Human Evolution

, Volume 4, Issue 5, pp 403–416 | Cite as

Vocal-auditory functions of the chimpanzee: consonant perception

  • S. Kojima
  • I. F. Tatsumi
  • S. Kiritani
  • H. Hirose


The perception of consonants which were followed by the vowel [a] was studied in chimpanzees and humans, using a reaction time task in which reaction times for discrimination of syllables were taken as an index of similarity between consonants. Consonants used were 20 natural French consonants and six natural and synthetic Japanese stop consonants. Cluster and MDSCAL analyses of reaction times for discrimination of the French consonants suggested that the manner of articulation is the major determinant of the structure of the perception of consonants by the chimpanzees. Discrimination of stop consonants suggested that the major grouping in the chimpanzees was by voicing. The place of articulation from the lips to the velum was reproduced only in the perception of the synthetic unvoiced stop consonants in the two dimensional MDSCAL space. The phoneme-boundary effect (categorical perception) for the voicing and place-of-articulation features was also examined by a chimpanzee using synthetic [ga]-[ka] and [ba]-[da] continua, respectively. The chimpanzee showed enhanced discriminability at or near the phonetic boundaries between the velar voiced and unvoiced and also between the voiced bilabial and alveolar stops. These results suggest that the basic mechanism for the identification of consonants in chimpanzees is similar to that in humans, although chimpanzees are less accurate than humans in discrimination of consonants.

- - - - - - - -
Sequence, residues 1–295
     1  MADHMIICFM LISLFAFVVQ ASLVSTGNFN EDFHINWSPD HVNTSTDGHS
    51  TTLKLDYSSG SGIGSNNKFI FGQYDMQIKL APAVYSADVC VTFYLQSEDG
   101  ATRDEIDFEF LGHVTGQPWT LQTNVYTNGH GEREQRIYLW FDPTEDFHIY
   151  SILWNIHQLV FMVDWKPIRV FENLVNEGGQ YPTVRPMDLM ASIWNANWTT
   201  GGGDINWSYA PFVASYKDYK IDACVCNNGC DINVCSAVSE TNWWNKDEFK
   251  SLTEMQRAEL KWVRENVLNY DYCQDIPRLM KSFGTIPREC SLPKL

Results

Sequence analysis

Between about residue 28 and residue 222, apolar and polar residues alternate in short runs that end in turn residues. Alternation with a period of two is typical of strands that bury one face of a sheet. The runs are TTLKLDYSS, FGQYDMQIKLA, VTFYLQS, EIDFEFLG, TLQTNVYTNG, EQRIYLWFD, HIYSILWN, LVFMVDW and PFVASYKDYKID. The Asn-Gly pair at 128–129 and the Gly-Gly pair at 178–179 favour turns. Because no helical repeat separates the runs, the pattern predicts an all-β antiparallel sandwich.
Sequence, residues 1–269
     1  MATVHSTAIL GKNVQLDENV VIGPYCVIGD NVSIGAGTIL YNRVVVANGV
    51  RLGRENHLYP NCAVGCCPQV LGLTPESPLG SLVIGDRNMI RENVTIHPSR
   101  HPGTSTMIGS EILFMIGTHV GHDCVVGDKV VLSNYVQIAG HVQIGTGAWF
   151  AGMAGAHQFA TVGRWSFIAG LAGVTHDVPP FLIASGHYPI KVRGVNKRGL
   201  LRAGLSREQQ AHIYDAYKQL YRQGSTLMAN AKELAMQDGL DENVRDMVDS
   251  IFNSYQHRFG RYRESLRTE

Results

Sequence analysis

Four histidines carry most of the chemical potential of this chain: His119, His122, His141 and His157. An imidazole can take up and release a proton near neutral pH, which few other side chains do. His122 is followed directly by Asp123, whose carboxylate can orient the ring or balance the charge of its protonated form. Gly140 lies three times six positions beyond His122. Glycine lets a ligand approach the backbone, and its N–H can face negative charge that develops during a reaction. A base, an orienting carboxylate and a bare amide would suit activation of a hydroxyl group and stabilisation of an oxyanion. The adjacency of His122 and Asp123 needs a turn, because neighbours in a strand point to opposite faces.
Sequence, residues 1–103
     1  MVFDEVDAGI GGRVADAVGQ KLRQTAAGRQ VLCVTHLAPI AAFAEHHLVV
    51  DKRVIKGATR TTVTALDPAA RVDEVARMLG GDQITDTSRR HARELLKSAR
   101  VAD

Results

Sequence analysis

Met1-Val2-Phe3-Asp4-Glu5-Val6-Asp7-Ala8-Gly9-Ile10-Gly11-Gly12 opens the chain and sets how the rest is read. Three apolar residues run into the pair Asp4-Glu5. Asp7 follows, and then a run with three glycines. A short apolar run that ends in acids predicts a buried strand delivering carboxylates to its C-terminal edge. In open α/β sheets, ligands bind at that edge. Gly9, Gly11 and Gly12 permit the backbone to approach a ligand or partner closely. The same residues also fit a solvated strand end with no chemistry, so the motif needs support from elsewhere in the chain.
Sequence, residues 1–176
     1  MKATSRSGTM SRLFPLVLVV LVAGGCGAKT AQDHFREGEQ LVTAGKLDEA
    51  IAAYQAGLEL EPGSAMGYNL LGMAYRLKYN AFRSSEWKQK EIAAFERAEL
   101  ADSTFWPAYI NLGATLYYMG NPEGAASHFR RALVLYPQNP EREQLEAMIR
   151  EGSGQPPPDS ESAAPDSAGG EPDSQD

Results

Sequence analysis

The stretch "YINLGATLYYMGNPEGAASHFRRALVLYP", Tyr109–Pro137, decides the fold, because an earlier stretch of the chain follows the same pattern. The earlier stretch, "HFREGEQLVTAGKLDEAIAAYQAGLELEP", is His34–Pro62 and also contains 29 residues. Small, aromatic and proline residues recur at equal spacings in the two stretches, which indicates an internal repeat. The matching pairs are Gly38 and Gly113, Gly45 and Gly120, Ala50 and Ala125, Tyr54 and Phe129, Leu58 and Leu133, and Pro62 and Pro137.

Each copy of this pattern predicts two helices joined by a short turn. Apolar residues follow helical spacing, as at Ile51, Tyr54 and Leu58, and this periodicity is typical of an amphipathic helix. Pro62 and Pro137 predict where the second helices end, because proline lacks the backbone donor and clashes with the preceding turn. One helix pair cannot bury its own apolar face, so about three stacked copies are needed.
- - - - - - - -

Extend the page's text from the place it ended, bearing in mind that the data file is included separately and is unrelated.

Key words

chimpanzee consonant perception the phoneme-boundary effect categorical perception 


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Copyright information

© Editrice Il Sedicesimo 1989

Authors and Affiliations

  • S. Kojima
    • 1
  • I. F. Tatsumi
    • 2
  • S. Kiritani
    • 3
  • H. Hirose
    • 3
  1. 1.Primate Research InstituteKyoto UniversityAichiJapan
  2. 2.Tokyo Metropolitan Institute of GerontologyJapan
  3. 3.Research Institute of Logopedics and Phoniatrics Faculty of MedicineUniversity of TokyoJapan

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